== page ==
Saturday, January 04, 2003
NSFC awards: The Pianist, Walken, Diane Lane
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More lighthearted family fare from M. Cronenberg
Early review of Spider
Ralph Fiennes, Miranda Richardson in dual roles, shades of Eraserhead & The Cabinet of Dr Caligari.
Love that twisted Canadian chill.
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R.I.P. Ian McNaughton
Monty Python director passes from injuries in auto accident.
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Friday, January 03, 2003
If you were/are a fan of Throbbing Gristle, there's a new 24 CD(!) compilation of their live shows available from Mute
There'a a new studio comp (The World According to Throbbing Gristle) coming out in June too.
Boy did I get strange looks just mentioning the name Throbbing Gristle in the 70s. . .
2:05 AM - [Link] - Comments ()
Appropriately astounded review of Read and Burn 02
What band could have released not one, not two, but three historic albums (in as many years), each so different from the one that came before, simultaneously spelling out the brittle aesthetics of England's burgeoning punk movement and, in nearly the same breath, eclipsing them while the rest of the pack was still busy learning to tune their guitars? What band would be willing to then walk away from the zenith of their popularity, claiming they simply didn't have another album in them, only to resurface six years later in 1987 for a string of highly dubious (but not hopeless) new-wave castaways? What band would name one of those albums Manscape? And then, what band could spend ten more years in stasis, recuperating, biding their time for their inevitable recovery, to eventually drop a set of EP's so unique, so urgent, that it's as though the band never went away in the first place? Most importantly, even one year ago, who ever would have believed that such a stunning return was possible? No one but Wire.Actually I like A Bell Is a Cup Until It Is Struck and The Ideal Copy, but I'm an old guy.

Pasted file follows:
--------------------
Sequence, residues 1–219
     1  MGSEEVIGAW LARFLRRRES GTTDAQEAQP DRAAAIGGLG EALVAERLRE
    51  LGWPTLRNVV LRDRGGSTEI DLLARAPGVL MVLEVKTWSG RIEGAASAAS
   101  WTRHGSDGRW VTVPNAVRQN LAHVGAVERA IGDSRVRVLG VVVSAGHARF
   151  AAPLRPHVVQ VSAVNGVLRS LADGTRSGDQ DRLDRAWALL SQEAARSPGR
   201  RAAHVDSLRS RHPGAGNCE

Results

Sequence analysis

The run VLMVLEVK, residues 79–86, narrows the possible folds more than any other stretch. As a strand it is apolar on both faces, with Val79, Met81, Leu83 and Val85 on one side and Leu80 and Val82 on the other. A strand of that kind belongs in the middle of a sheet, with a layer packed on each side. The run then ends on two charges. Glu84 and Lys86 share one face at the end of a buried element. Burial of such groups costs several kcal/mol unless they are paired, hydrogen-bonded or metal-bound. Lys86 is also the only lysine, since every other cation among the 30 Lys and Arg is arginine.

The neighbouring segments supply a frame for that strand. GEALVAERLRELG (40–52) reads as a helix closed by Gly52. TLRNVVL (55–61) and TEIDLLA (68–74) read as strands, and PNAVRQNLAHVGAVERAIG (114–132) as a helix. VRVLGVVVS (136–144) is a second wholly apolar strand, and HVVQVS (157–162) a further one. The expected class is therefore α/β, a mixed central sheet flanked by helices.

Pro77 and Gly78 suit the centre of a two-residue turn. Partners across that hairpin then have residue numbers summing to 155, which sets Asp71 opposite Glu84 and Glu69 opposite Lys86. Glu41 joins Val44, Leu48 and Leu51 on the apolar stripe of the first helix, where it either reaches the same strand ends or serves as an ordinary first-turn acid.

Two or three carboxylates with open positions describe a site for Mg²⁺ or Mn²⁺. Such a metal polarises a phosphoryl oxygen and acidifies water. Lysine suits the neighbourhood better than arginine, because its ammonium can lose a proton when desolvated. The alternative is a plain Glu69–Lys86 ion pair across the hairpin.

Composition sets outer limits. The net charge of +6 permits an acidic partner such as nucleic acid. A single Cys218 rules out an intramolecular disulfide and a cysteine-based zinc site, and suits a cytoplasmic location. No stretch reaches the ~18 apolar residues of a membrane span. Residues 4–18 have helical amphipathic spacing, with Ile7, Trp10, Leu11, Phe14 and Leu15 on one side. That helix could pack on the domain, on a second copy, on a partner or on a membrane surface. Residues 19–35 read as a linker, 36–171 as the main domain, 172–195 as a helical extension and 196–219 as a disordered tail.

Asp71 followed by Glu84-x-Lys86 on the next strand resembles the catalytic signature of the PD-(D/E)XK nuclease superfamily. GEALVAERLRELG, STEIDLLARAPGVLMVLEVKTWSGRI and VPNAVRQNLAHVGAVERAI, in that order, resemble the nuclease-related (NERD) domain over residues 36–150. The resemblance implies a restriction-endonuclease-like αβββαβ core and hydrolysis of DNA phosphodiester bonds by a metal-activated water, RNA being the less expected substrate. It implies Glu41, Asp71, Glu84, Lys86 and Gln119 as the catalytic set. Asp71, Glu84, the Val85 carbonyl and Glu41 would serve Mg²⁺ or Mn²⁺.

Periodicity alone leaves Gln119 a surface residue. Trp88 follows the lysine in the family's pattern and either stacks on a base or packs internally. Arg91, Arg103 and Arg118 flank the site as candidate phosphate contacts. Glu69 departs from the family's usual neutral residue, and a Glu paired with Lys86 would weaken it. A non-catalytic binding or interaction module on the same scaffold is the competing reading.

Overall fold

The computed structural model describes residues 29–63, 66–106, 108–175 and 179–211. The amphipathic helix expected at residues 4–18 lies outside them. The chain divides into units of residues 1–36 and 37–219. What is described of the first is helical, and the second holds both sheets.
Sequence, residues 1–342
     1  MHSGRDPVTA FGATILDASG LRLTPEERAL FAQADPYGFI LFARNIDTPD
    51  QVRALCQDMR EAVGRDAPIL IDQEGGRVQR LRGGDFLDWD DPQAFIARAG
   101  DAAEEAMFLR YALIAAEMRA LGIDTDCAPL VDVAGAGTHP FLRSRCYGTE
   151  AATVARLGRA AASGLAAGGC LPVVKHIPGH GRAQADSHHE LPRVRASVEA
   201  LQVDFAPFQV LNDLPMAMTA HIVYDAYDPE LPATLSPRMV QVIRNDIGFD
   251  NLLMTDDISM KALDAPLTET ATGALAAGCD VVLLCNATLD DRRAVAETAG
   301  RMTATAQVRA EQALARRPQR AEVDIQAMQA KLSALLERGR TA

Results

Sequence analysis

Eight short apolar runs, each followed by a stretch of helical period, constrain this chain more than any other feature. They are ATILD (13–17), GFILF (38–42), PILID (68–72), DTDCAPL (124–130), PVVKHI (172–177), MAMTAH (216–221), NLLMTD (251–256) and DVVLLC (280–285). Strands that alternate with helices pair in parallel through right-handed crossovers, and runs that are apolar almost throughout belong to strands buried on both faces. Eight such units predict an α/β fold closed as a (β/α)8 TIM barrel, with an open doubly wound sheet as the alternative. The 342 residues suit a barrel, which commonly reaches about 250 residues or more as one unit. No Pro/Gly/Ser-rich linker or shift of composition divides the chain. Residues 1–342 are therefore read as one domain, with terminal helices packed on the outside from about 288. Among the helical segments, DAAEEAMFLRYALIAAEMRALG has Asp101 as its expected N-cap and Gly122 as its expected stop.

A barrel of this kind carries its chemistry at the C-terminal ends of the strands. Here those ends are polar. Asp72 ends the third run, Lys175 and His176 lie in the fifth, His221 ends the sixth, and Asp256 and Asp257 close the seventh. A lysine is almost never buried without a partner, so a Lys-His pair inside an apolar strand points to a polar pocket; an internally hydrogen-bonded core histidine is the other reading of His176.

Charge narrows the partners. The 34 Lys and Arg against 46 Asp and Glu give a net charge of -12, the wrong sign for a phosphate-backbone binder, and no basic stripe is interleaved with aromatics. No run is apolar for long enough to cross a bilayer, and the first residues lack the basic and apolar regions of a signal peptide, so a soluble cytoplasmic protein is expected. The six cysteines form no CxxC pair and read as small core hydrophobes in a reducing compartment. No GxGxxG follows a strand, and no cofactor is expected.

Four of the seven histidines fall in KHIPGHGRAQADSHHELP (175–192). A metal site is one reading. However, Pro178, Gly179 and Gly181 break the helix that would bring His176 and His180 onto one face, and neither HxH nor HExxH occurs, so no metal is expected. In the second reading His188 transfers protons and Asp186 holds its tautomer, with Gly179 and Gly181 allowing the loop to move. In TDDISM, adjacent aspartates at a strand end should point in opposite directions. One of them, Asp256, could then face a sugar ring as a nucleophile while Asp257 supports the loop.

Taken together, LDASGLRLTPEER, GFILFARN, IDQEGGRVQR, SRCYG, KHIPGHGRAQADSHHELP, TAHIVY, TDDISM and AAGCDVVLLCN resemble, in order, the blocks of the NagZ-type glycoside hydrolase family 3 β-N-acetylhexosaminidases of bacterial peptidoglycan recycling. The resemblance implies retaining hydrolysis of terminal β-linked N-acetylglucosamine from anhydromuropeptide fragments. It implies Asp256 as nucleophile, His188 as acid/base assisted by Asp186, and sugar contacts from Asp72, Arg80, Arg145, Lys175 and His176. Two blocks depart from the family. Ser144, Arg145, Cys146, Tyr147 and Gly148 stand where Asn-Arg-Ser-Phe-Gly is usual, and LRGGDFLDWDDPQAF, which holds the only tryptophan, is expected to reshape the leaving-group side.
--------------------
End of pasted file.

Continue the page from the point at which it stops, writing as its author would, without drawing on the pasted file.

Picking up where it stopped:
Old enough to have seen them in '78.
1:43 AM - [Link] - Comments ()
Thursday, January 02, 2003
I watched this tribute to pioneer political cartoonist Thomas Nast on C-SPAN yesterday
Perhaps David Rees is one of the heirs to the tradition (though what he does is a strip, not the traditional one frame or whatever)?
Nast also designed the image of Santa Claus as we know him today.
Other sites on the influence of Nast on van Gogh and Degas (with a selection of Nast's work) and more toons.
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An argument for sexually segregated colleges
The author is the president of an all-girls school, so her prejudice is to be expected. But if women do get less attention and acheive less in coed schools -- well more power to them.
I guess it's my age showing, but it always seemed weird to me that Douglass College (I went to coed Rutgers College, both of them part of Rutgers University) was still for women only. A relic of Victorian repression etc.
But in the context of women still not being accorded equality in American society, and this having a negative effect on their college experience, I can see why they might choose an all-woman school.